Today’s Solutions: March 25, 2023

Facing food security issues on land, more researchers are turning to the untapped potential of the sea to meet the nutritional needs of the future. One new diet, called ocean flexitarianism, emphasizes eating food from low on the ocean food chain such as algae and seaweed.

Advocated for by Professor Patricia Harvey from the University of Greenwich, ocean flexitarianism sees microalgae as the food of the future. These photosynthetic plants thrive in fresh and saltwater and are packed with vitamins. One tablespoon of spirulina, for example, contains four grams of protein as well as calcium, iron, magnesium, and potassium. These tiny plants are also the original source of healthy fats, like Omega-3, which eventually end up in fish as they consume these plants.

There is a lot of emphasis on fish as a sustainable protein source, but algae tend to get neglected. Currently, 98 percent of algae consumption takes place in China, but Harvey wants to see Western countries get on board as well. In addition to health benefits, algae also take no water, fertilizer, or farmland to grow, making it very sustainable.

To learn more about the growing microalgae movement, check out these articles about marine grains and seaweed-supplemented cow feed.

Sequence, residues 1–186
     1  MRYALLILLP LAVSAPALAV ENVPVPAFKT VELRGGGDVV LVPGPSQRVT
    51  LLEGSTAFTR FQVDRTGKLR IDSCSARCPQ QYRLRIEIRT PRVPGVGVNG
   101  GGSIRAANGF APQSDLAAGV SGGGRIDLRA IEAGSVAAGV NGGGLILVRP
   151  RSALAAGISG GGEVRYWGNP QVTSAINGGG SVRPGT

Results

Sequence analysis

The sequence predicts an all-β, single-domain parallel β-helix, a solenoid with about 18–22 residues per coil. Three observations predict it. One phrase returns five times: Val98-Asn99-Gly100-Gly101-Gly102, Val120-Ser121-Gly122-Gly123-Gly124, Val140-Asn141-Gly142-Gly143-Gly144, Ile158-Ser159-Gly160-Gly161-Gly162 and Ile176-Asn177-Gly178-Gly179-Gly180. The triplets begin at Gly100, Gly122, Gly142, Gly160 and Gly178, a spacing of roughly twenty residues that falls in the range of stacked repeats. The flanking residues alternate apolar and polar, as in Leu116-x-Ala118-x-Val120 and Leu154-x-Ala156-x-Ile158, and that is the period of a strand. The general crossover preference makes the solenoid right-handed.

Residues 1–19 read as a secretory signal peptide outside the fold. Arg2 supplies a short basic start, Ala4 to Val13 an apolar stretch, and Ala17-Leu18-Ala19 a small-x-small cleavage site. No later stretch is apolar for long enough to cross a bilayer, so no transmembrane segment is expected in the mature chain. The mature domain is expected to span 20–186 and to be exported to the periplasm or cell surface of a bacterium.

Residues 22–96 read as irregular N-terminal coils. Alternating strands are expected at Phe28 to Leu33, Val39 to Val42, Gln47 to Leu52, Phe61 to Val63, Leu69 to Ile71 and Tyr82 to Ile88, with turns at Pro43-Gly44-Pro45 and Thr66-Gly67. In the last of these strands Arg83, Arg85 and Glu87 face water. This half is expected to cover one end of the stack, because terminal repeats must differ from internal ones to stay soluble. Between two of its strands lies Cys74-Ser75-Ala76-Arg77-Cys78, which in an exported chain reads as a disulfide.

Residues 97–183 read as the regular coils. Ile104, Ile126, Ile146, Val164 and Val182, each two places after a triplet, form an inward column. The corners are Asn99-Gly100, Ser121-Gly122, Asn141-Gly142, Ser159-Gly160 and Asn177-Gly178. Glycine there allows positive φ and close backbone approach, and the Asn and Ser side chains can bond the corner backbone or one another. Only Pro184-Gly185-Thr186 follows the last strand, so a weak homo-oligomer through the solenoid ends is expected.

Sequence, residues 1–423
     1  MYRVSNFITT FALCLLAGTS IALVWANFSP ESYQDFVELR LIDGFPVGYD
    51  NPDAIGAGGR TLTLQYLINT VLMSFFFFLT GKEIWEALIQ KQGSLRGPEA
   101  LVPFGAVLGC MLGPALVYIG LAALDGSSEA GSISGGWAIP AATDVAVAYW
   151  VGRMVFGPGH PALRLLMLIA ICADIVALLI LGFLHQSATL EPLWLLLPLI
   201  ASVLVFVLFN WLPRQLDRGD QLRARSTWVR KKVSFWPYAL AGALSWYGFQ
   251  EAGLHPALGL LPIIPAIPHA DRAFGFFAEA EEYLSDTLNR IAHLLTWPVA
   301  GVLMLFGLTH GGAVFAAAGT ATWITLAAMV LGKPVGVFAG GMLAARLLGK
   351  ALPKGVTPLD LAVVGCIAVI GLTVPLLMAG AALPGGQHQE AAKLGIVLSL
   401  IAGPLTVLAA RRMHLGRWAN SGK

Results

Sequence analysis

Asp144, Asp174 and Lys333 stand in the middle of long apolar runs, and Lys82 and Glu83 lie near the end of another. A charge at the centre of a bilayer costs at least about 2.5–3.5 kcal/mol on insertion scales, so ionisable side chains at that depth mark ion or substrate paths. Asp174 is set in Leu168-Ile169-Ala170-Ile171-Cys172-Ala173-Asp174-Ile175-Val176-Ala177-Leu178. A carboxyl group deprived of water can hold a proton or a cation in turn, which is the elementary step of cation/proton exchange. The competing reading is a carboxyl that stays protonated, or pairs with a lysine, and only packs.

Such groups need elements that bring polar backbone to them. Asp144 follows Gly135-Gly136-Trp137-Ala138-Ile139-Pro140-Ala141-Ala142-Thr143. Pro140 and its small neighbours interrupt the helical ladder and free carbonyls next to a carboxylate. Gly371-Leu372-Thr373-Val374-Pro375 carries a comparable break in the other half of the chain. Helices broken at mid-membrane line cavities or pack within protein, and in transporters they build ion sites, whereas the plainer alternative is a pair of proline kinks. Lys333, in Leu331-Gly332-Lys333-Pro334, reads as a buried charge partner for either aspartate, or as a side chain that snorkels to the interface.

Solutions News Source Print this article
More of Today's Solutions

This simple psychological trick may help you chill out in this busy world

There is growing pressure to spend our free time improving ourselves or the world around us, whether it’s training for a triathlon, volunteering, or ...

Read More

Here is a neurologist-approved 10 day reset plan to reclaim your life

Have you ever tried a detox? Maybe you gave up TV for a month or sugar. Why not challenge yourself to try a “brain ...

Read More

Improving school lunches in a post-pandemic world

There is no doubt that the Covid-19 pandemic forced us to rearrange how we structure our daily routines whether at work, school, or play. ...

Read More

5 Surprising myths about vitamin D

In the article we wrote about the telltale signs that your body needs more vitamin D, we pointed out that around 42 percent of ...

Read More